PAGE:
Pete's Guide to the Best Mashed Potatoes

    -First off, I admit, I use Russets (Idahos).  I know that many people out there prefer Yukons, but I like Russets.

    -Peel and chop into 3/4 inch chunks and place in heavily salted, room temperature water.

    -Bring to a boil and reduce to a hard simmer/slow boil and cook just until the potatoes are tender.

    -Drain in a wide colander  and allow the steam to come off the potatoes for about 3-5 minutes (the more moisture you allow to escape the more fats, in the form of butter and cream you can add)

    -Using a heavy whisk or potato masher mash the potatoes until no chunks remain (as you as you don't add any dairy at this point you'll be surprised how long you can mash them without them turning gummy)

    -Season with salt and pepper (use white pepper if black specks bother you-personally I prefer the taste of black pepper so that is what I use)

    -Add butter, softened but not melted. (I probably use about 4 tablespoons per pound of potatoes-this is what makes them so rich)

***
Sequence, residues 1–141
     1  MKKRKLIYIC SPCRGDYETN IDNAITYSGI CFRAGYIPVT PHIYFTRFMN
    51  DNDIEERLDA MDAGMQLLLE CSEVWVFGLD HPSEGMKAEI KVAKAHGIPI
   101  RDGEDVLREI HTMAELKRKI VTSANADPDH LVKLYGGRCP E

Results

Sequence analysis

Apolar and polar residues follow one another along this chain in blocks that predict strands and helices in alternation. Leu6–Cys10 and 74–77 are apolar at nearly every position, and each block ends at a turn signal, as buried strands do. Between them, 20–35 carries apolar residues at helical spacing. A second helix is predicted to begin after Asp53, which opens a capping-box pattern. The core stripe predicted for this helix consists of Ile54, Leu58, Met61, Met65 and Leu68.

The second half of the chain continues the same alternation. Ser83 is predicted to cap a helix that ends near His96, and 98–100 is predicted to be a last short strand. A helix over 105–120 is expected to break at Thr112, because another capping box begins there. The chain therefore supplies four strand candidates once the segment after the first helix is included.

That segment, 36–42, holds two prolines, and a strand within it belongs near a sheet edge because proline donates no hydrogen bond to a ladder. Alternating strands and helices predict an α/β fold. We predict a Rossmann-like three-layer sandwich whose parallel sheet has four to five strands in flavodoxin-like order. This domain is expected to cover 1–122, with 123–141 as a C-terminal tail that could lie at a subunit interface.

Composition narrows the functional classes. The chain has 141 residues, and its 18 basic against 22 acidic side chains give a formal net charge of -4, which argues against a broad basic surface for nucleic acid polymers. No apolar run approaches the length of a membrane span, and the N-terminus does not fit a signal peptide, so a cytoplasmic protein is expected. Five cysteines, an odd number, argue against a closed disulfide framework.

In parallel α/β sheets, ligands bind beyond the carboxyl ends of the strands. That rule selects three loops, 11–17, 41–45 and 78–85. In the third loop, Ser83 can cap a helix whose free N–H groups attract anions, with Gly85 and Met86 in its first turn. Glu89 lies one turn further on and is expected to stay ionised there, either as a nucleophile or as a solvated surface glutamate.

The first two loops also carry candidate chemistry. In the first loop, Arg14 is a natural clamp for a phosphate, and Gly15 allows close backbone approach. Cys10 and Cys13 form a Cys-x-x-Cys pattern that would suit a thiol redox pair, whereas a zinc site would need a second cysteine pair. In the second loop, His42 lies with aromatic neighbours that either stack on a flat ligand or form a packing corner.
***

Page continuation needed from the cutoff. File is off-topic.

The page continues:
-Heat either half and half or heavy cream and add just enough to get to the consistency you like (forget milk, and definitely never use reduced fat milks if you want great mashed potatoes)

    -Once you add the butter stir as little as possible to avoid gummy potatoes
     
  18. flipflopgirl

    flipflopgirl

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    What do you do with your leftover mashed potatoes @Pete  ?

    KFC had a bowl dish (no longer on menu) with layered potatoes, corn, gravy, grated cheese and fried "popcorn" chicken.

    I was totally addicted and usually make extra mash for my own version.

    mimi
     
  19. rpooley

    rpooley

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    I follow Julia Child's motto of "you can always do something".  With mediocre mashed potatoes, I would either add flour and eggs and such and make the mashed version of potato pancakes or I love to put it in the food processor when it's cold, beat in a couple of eggs, lots of seasoning and some cheese and bake it a buttered dish.  It becomes a lovely, crusty side dish for a roast.
     
  20. rpooley

    rpooley

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    P.S.  When I make them, I use a ricer for a smoother mash, add butter or whatever the fat is first, then add hot milk bit by bit until it is the consistency I am looking for.